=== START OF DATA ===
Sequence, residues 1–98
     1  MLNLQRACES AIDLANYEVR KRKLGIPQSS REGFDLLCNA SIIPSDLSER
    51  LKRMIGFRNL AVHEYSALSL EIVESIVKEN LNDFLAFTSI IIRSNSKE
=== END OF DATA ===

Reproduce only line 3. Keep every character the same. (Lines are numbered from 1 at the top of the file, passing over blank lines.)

    51  LKRMIGFRNL AVHEYSALSL EIVESIVKEN LNDFLAFTSI IIRSNSKE